Ravens' Boller is growing up

OWINGS MILLS -- Kyle Boller hurdled a few credibility barriers in his quest to establish himself as a viable NFL quarterback. Not only did the Baltimore Ravens' oft-criticized second-year starter craft his first game-winning drive in a 20-17 overtime win Sunday over the New York Jets, he was authoritative in doing so and even called one of his own shots.

With the running game bottled up for Baltimore (6-3), Boller had to be a major part of the solution, not a problem. Can he duplicate this showing?

"This team has a lot of faith in Kyle Boller," Ravens coach Brian Billick said. "To do something like that is kind of the next step, the next box that you can check off and say, 'OK, I have done that.' He has started his second season and he has done it under adverse situations."

Leading up to his second touchdown pass to rookie Clarence Moore late in the fourth quarter, Boller talked the coaching staff into changing the play call in a 3rd-and-11 situation at the Jets' 16. From film study, Boller noticed that Jets middle linebacker Jonathan Vilma was dropping deep into the zone. Moore is 6-foot-6, roughly six inches taller than Vilma.

"It was great that we got a definitive opinion on what he wanted to do," Billick said. "When your quarterback does that, then you're going to have a lot of confidence in dialing that one up."

Boller delivered the football where only Moore could secure it -- high above the ground -- and the touchdown gave the Ravens a lead en route to New York forcing overtime.

Last year's first-round draft pick performed adeptly, completing 6-of-8 passes for 81 yards on his final three drives after going 13-for-25 for 132 yards on his first nine.

"Kyle gets better every week," said Jamal Lewis, limited to 71 yards despite 30 carries. "That's what we need and expect him to do. He played a great game."

Plus, the 23-year-old California native demonstrated poise despite a lot of rough hits in addition to being called upon to hold for kicker Matt Stover's decisive field goal because of an injury to punter Dave Zastudil.

With his right arm firing much more accurately than usual, Boller set up that 42-yard kick into howling easterly winds. On third-and-5 at the Ravens' 49, Boller hit Kevin Johnson with a 21-yard pass. Then, he found Travis Taylor for a 10-yard completion to set up better field position.

"You grow up watching John Elway and the other guys do it," Boller said of engineering a game-winning drive after failing in three previous tries. "It was an opportunity to do your thing. That's my job. That's why I am the quarterback on this team."

The Ravens remain two games behind the first-place Pittsburgh Steelers (8-1) in the AFC North, but this win boosts their wild-card prospects.
Statistically, it was one of Boller's best football games. In his 18th NFL start, he completed 19 of 33 passes for 213 yards, two touchdowns and no interceptions.

The Ravens' passing game remains last in the NFL statistically, though, averaging 130.7 yards per contest. However, this was definite progress.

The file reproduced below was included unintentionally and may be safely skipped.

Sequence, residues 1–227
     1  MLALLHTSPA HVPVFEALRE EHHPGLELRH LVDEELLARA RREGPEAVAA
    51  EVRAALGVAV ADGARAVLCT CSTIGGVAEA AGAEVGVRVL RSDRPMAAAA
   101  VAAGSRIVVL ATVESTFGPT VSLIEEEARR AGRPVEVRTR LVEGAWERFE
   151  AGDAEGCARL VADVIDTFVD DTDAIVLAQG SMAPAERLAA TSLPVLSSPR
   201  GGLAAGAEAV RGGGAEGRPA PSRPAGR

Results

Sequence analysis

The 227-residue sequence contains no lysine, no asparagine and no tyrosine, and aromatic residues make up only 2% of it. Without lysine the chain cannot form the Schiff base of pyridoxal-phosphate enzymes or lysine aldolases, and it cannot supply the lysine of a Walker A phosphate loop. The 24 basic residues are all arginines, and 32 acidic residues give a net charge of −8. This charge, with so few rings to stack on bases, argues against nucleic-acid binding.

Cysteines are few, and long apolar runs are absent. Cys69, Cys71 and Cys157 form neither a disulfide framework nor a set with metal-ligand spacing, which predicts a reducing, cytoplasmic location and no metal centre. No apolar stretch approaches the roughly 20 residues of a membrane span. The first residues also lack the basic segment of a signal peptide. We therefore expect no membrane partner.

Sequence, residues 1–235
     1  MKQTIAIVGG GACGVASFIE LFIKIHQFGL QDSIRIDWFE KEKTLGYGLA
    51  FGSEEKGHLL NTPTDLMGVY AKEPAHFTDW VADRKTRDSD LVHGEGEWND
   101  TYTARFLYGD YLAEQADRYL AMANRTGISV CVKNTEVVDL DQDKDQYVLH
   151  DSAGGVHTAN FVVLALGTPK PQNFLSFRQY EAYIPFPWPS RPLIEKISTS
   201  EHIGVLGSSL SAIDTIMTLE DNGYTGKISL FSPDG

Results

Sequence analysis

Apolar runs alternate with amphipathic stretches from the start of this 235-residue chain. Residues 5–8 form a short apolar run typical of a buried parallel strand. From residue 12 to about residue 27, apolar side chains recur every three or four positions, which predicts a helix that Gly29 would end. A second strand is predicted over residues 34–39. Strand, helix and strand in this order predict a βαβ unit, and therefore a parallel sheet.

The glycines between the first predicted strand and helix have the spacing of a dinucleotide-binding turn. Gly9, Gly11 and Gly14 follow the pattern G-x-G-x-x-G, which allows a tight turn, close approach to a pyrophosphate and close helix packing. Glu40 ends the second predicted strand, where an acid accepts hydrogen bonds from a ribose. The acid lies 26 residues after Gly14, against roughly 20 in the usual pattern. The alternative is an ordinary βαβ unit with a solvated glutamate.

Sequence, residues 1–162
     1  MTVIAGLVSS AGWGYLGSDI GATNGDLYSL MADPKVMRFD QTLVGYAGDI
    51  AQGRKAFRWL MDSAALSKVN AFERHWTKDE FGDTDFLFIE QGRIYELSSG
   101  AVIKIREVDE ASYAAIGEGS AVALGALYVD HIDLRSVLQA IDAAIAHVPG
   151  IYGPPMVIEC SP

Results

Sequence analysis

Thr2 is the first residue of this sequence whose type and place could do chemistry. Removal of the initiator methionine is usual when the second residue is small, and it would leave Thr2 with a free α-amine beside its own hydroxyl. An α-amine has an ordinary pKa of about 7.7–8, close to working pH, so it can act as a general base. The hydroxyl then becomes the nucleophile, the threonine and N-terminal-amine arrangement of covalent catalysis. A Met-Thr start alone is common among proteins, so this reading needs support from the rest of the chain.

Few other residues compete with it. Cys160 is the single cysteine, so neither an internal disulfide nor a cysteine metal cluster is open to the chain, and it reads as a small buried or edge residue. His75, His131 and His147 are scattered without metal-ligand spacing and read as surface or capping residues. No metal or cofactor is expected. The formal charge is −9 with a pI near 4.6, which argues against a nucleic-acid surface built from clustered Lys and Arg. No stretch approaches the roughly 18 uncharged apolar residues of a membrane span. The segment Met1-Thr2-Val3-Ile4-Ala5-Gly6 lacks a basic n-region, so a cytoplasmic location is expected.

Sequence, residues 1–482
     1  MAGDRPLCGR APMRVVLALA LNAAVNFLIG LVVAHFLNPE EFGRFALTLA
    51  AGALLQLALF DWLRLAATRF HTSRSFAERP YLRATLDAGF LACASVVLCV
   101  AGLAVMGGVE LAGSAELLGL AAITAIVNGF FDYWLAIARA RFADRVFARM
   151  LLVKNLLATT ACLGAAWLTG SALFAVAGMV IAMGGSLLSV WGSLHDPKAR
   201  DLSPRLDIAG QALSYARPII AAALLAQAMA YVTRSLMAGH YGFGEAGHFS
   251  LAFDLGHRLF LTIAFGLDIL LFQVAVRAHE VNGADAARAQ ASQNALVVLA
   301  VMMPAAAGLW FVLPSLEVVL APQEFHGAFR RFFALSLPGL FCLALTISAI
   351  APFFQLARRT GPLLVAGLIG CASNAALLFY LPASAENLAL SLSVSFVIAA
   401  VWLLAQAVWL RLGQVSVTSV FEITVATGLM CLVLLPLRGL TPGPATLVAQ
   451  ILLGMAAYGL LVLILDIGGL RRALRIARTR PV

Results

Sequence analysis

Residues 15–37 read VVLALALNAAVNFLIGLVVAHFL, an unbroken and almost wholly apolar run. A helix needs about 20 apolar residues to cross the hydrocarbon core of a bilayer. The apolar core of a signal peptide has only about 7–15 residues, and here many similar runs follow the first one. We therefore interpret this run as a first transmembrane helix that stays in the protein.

"It did feel great," Boller said. "Our offense stuck together. It's been hard to take the criticism, but this was a team effort."

Boller has completed 57.6 percent of his passes for 1,314 yards, five touchdowns and six interceptions for a 70.4 passer rating.

For a change Monday, Billick singled out the running game for criticism instead of being peppered with questions about what's wrong with his quarterback.

"We got Jamal the appropriate number of runs," Billick said. "One thing I wasn't pleased with was the lack of efficiency in our running. We were able to keep it balanced, get Jamal involved, but I thought we would run the ball much better on them."

The Ravens have slowly allowed Boller to throw more often, increasing his attempts markedly of late. He's come a long way since hurling three interceptions in one quarter Oct. 10 against the Washington Redskins.
Boller's last interception since that game came on a Hail Mary pass at the end of the first half in a 17-10 loss to the Philadelphia Eagles.
"He continues to manage the game very well and be very smart with the ball and where he puts it," Billick said.

Boller is definitely not all grown up, but this was a game where increased maturity was evident. For a change, his actions met teammates' testimonials that didn't always sound grounded in reality.

The former Cal star has been one of the most heavily maligned athletes in the region and in national circles for his slower development in comparison to Ben Roethlisberger and Byron Leftwich. No rational people are canonizing Boller yet, but Sunday was an obvious sign of progress.
Despite still not having offensive tackle Jonathan Ogden and tight end Todd Heap, the Ravens have remained in contention.

Boller has taken a lot of shots for his erratic play, but retaliated in a constructive way Sunday in the Meadowlands with crisp throws and smart decisions.

"It has been tough on him," Billick said. "He's a young man, he's out here by himself and it's tough when you can't read a paper or turn on a radio for six weeks. He still doesn't know Bush won."

Aaron Wilson writes for ravensinsider.com and the Carroll County Times.


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